Second Place: The Palm Beach Post; Eliot Kleinberg, Bruce Moore & Sandy Nortunen; Storm 2007
Comments: We’ve all seen sections like this that turn out to be more “advertorial” than “editorial.” This one wasn’t one of those. Plenty of useful information, well packaged and written. Graphics ease the reader through what they should do and be prepared for in the coming storm season. Great job by the staff.
Third Place: Charlotte Sun; Staff; Disturbing the Peace
Comments: Solid reporting, simple, but informative writing, beautiful layout. This section did a great job of boiling down the issues from the state report into how it affects everyone. Good job.
Editorials – Large
First Place: The Florida Times-Union; Joe Adams; City Council’s Lost Episodes
Comments: This winning entry is an example of what the best editorials should do – uncover misdeeds and create change. The year-long investigation by Joe Adams uncovered open meetings abuses in Jacksonville and led to a grand jury probe and a new ordinance to ensure compliance with Florida’s Sunshine Law.
Second Place: The News-Press; David Plazas, Dan Warner, Mark Stephens & Doug MacGregor; Lee County Commission
Comments: This series examined the squabbling and dysfunction of the Lee County Commission. It revealed their pettiness and their inability to do their jobs and called on them to work together for the public interest. Newspapers have a duty to hold their elected officials accountable and this series accomplished that.
Third Place: none
Editorials – Small
First Place: Miami Today; Michael Lewis; Let’s Decide What will Keep Miami Alive after Castro
Comments: The writer demonstrated an impressive sense — supported by facts and clear analysis — of the negativity that defines Miami politics, an anti-Castroism that deprives the region of leadership. This is a great example of how perspective grown through years upon years of observation is developed into a compelling argument for people to step out of the shadows and lead.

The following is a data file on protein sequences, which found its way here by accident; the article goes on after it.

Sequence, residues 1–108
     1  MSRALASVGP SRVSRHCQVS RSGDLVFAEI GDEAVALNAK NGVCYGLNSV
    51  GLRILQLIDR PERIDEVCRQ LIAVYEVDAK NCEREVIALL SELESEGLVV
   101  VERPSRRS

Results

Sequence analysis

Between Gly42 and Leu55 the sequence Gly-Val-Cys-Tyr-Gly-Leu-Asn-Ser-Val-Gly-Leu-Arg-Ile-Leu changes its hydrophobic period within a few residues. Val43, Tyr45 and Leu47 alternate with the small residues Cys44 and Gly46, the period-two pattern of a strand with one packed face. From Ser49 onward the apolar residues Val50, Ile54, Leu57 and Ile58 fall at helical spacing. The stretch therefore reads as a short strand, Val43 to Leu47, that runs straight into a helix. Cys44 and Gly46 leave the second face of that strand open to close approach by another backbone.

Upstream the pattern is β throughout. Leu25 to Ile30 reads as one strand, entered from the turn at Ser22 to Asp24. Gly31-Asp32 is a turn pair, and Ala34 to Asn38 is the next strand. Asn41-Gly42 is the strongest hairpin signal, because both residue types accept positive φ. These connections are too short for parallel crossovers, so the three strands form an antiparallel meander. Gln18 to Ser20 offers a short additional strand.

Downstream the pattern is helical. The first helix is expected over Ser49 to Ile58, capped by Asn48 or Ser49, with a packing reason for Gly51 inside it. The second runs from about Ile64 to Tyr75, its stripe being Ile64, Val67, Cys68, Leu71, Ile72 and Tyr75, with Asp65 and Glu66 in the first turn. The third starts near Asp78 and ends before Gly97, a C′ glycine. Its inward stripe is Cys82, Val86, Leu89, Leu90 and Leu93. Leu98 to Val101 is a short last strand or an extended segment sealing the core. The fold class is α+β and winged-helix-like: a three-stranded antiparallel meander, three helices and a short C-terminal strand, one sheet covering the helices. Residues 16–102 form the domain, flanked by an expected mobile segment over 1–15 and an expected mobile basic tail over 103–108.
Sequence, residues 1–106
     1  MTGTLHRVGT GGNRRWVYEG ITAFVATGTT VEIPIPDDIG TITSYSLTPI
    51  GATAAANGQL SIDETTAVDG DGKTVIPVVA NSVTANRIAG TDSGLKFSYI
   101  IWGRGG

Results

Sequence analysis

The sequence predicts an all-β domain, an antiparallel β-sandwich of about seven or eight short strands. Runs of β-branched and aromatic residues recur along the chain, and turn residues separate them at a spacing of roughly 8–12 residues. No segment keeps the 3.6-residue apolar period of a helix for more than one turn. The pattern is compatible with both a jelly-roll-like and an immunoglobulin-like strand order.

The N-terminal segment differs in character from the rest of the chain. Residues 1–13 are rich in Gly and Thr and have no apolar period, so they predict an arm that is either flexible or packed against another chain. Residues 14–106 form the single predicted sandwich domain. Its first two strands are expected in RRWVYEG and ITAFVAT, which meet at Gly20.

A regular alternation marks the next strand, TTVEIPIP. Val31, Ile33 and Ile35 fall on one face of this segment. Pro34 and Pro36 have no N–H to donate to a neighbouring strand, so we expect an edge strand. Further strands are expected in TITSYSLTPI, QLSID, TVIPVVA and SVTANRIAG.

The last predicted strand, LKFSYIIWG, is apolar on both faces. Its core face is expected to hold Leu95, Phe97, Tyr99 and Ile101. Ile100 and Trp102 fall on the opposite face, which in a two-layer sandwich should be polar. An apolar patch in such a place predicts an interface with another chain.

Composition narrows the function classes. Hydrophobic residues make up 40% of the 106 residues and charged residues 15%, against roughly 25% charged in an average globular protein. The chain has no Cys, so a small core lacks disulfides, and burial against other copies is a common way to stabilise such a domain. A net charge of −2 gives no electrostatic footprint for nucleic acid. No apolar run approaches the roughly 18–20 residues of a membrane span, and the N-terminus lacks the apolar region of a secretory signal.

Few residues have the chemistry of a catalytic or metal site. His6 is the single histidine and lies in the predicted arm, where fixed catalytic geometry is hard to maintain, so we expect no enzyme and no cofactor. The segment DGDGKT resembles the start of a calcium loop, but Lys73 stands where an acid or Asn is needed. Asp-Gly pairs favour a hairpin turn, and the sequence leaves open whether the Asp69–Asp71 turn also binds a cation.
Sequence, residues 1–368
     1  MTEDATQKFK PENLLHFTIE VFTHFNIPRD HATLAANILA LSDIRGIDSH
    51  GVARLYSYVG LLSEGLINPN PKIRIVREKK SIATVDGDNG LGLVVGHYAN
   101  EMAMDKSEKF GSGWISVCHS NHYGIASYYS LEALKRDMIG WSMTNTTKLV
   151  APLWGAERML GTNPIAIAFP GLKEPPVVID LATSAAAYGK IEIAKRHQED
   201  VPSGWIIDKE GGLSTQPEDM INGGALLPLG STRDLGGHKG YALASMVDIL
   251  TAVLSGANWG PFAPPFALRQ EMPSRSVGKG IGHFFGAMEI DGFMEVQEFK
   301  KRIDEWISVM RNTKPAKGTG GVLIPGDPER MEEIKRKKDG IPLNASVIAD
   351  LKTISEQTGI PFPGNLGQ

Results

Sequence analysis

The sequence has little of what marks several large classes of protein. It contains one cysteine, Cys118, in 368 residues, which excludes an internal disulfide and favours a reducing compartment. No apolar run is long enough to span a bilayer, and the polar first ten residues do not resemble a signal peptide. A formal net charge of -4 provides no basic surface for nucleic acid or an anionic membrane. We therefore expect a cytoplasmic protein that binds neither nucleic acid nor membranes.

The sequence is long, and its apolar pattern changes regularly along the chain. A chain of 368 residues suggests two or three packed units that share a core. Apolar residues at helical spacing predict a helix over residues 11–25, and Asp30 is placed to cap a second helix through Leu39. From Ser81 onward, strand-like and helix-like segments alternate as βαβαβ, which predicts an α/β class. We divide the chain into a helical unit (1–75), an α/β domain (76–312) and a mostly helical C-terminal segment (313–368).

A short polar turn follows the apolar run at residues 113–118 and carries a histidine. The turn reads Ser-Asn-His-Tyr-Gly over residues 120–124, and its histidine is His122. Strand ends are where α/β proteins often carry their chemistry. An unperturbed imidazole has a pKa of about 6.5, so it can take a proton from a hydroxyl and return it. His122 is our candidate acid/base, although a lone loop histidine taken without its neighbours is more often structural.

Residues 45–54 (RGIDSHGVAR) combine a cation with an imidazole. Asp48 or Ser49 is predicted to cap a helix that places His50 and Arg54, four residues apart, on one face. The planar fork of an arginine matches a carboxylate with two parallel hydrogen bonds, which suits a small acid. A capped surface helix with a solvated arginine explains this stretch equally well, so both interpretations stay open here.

Second Place: Naples Daily News; Todd Pratt & Karie Partington; Reforms Must be Tangible to Protect At-risk Children
Comments: A well-written call for ensuring that the deaths of two children returned to abusive homes galvanize the public and child-welfare officials to see to it that no youngster is ever again abandoned to such a shocking fate.
Third Place: Naples Daily News; Jeff Lytle; We Can All be on Lookout for Those in Need of Help
Comments: The piece is a timely and appropriate reminder that senior citizens can be among the most vulnerable members of the community. Having a heart is all it takes to make their shortening lives just a bit better.
First Place: Florida Today; Jeff Parker
Comments: All three cartoons creatively and cleverly address some of the most important issues of our times, civil liberties, immigration and the mortgage crisis. Parker slams home the issues with wit, grace and a fierce use of color.
Second Place: South Florida Sun-Sentinel; Chan Lowe
Comments: Lowe’s cartoons highlight how soldiers lives are gambled over in the conflict in Iraq while another draws parallels between slavery and guest worker programs. These cartoons make you wince with their biting truth.
Third Place: The Florida Times-Union; Ed Gamble
Comments: Gamble creates eclectic characters to draw us into local to national issues with multi-panel cartoons. The results are hilarious.
First Place: The Tampa Tribune; Michelle Bearden & Baird Helgeson; Without Walls
Comments: In fascinating detail, the series follows the Whites as they build a megachurch. The series focuses on money — what the Whites do, and don’t do, with it. Bearden’s and Helgeson’s coverage leads to a hearing on church finances in the U.S. Senate on how churches raise and spend money. Well researched, well organized and well written.
Second Place: South Florida Sun-Sentinel; Lois Solomon; A Personal Path to God
Comments: In a time when fewer young men are choosing to become Catholic priests, Solomon talked to seminarians about why they have chosen to train for the priesthood. Enlightening and moving.
Third Place: The Ledger; Cary McMullen; Alternate Churches
Comments: An informative look at the growth in small and informal congregations as alternatives to more traditional churches.
Real Estate Reporting
First Place: The Miami Herald; Monica Hatcher & Matthew Haggman; Mortgage Fraud
Comments: This group of articles did an excellent job of investigative reporting on the devastating Florida mortgage crisis and mortgage fraud. The work was well-researched, well-written and not only newsworthy but useful. It went one step further than other entries which is why it was selected as the first place winner. Not only did report on the hows and whys of the problem, but it offered useful tips to readers on how to do their own research and what red flags to watch for. I enjoyed reading and learning from the journalists. Well done!